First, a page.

View all text of Subchapter LIX- GG [§ 410iii - § 410iii-12]
§ 410iii–1. Findings
Congress finds the following:
(1) The Battle of Cedar Creek, also known as the battle of Belle Grove, was a major event of the Civil War and the history of this country. It represented the end of the Civil War’s Shenandoah Valley campaign of 1864 and contributed to the reelection of President Abraham Lincoln and the eventual outcome of the war.
(2) 2,500 acres of the Cedar Creek Battlefield and Belle Grove Plantation were designated a national historic landmark in 1969 because of their ability to illustrate and interpret important eras and events in the history of the United States. The Cedar Creek Battlefield, Belle Grove Manor House, the Heater House, and Harmony Hall (a National Historic Landmark) are also listed on the Virginia Landmarks Register.
(3) The Secretary of the Interior has approved the Shenandoah Valley Battlefields National Historic District Management Plan and the National Park Service Special Resource Study, both of which recognized Cedar Creek Battlefield as the most significant Civil War resource within the historic district. The management plan, which was developed with extensive public participation over a 3-year period and is administered by the Shenandoah Valley Battlefields Foundation, recommends that Cedar Creek Battlefield be established as a new unit of the National Park System.
(4) The Cedar Creek Battlefield Foundation, organized in 1988 to preserve and interpret the Cedar Creek Battlefield and the 1864 Valley Campaign, has acquired 308 acres of land within the boundaries of the National Historic Landmark. The foundation annually hosts a major reenactment and living history event on the Cedar Creek Battlefield.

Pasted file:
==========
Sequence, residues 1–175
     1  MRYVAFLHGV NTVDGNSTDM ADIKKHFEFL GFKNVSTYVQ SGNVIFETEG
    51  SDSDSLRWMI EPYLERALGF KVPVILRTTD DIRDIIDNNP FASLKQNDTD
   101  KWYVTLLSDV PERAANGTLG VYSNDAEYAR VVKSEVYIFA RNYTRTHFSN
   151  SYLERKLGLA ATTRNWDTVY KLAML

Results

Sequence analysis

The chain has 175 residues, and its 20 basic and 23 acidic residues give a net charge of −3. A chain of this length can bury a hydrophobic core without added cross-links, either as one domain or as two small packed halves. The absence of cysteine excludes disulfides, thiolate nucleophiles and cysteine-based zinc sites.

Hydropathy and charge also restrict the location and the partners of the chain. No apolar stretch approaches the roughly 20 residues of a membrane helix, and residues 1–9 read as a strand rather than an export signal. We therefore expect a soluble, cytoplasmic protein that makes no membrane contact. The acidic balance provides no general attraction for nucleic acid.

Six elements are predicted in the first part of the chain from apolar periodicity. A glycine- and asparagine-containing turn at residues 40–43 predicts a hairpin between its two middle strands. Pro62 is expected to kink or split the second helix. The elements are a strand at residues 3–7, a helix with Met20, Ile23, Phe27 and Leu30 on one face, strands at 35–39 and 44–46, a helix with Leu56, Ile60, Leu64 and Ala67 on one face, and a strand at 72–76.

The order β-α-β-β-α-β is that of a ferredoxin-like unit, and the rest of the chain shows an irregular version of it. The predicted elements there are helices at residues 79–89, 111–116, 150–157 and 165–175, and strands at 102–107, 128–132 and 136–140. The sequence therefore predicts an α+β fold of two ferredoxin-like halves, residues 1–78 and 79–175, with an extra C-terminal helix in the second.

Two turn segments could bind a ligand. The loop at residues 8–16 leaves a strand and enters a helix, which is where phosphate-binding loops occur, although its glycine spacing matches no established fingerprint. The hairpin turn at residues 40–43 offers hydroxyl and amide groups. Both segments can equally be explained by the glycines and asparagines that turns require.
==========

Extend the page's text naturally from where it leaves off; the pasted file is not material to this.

(5) Belle Grove Plantation is a Historic Site of the National Trust for Historic Preservation that occupies 383 acres within the National Historic Landmark. The Belle Grove Manor House was built by Isaac Hite, a Revolutionary War patriot married to the sister of President James Madison, who was a frequent visitor at Belle Grove. President Thomas Jefferson assisted with the design of the house. During the Civil War Belle Grove was at the center of the decisive battle of Cedar Creek. Belle Grove is managed locally by Belle Grove, Incorporated, and has been open to the public since 1967. The house has remained virtually unchanged since it was built in 1797, offering visitors an experience of the life and times of the people who lived there in the 18th and 19th centuries.
(6) The panoramic views of the mountains, natural areas, and waterways provide visitors with an inspiring setting of great natural beauty. The historic, natural, cultural, military, and scenic resources found in the Cedar Creek Battlefield and Belle Grove Plantation areas are nationally and regionally significant.
(7) The existing, independent, not-for-profit organizations dedicated to the protection and interpretation of the resources described above provide the foundation for public-private partnerships to further the success of protecting, preserving, and interpreting these resources.
(8) None of these resources, sites, or stories of the Shenandoah Valley are protected by or interpreted within the National Park System.
(Pub. L. 107–373, § 3, Dec. 19, 2002, 116 Stat. 3104.)